Petitioners in Tucson turn in abundant signatures to qualify pension reform initiative for the ballot in the face of an underfunded city retirement fund

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July 2, 2013

By Josh Altic

Local pensions on the ballot

Tuesday morning pension reform advocates turned in 23,364 signatures for their pension reform initiative in Tucson, Arizona. The initiative, referred to by supporters as the Sustainable Retirement Benefits Act, seeks to address problems faced by the city's $940 million retirement fund, which is currently underfunded by 37%.

The next step in the initiative process is the validation of the signatures. Petition organizers expect the 23,364 submitted signatures to yield far more than the 12,730 valid signatures required to qualify the initiative for the November ballot.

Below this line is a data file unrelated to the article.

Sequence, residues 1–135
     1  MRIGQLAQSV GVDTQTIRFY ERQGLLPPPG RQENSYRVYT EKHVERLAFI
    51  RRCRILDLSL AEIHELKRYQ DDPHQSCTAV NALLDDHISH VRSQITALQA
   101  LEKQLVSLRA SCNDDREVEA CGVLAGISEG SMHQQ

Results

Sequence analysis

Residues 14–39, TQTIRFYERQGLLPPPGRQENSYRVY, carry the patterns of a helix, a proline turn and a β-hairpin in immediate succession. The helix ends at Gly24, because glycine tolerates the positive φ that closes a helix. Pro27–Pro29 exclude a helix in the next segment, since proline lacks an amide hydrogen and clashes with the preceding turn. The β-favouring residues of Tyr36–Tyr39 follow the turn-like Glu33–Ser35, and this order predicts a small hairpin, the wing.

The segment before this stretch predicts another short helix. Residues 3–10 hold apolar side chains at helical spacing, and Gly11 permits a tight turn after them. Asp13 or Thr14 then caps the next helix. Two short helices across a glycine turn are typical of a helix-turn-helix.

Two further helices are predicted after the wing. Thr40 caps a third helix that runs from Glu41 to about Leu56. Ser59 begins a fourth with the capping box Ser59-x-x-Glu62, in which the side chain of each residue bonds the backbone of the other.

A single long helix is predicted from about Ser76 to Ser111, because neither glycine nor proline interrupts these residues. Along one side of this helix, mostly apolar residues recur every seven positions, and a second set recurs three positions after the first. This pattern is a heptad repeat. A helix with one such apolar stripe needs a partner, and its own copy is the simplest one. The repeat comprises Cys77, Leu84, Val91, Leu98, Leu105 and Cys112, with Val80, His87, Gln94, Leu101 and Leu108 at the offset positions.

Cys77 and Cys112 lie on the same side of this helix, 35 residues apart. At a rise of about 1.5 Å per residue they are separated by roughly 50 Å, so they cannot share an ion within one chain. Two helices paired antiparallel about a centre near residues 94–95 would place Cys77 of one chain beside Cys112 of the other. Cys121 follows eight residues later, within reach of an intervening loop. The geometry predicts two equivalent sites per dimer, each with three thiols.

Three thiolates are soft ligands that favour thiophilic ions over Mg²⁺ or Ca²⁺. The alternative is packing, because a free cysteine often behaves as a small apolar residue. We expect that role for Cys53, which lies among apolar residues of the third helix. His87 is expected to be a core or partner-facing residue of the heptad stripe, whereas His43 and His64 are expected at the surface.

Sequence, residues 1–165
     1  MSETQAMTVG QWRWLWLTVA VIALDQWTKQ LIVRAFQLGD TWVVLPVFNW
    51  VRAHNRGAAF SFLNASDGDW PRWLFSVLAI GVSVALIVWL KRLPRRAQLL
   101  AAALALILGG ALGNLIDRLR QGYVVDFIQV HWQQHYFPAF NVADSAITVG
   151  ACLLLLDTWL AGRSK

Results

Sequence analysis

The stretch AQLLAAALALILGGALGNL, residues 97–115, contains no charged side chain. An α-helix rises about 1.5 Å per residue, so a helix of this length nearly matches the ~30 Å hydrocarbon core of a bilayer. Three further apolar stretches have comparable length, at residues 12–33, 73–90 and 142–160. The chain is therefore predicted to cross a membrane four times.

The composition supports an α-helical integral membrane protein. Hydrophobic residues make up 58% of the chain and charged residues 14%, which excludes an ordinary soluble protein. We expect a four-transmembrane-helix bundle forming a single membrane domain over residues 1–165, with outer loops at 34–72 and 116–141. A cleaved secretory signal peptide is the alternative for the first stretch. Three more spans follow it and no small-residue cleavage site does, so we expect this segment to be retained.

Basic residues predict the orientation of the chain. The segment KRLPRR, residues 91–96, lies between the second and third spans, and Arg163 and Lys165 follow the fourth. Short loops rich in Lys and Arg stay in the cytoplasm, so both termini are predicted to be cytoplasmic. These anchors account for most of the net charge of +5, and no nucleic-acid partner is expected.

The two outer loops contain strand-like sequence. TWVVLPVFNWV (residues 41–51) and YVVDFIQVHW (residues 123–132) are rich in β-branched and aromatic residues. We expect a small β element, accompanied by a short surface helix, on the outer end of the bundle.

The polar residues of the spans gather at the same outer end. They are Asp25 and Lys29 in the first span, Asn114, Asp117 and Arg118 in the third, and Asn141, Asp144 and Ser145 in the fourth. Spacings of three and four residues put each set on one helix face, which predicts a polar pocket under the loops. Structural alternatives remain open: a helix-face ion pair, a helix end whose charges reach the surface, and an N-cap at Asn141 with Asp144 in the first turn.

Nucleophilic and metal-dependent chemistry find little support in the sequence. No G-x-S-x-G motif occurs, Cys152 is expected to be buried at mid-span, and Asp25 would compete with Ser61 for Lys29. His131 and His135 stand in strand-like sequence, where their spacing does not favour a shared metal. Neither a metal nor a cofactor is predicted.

Supporters argue that the defined benefit plan currently in place in the City of Tucson is not sustainable. They say that in order to make up the 37% shortfall in the current plan without pension reform, the city will either have to hike taxes on city residents or cut city services. Supporters also argue that the defined contribution plan proposed in their initiative will provide a sustainable option for the city similar to many found in the private sector, providing benefits to city employees without putting taxpayers or the city in financial danger.[1] Peter Zimmerman, one of the organizers of the initiative, said: "In our mind, everybody wins on this thing. The employees will still have their pensions and it will save taxpayer money in the long run and we won't have to cut city services if people don't want to raise taxes."[2]

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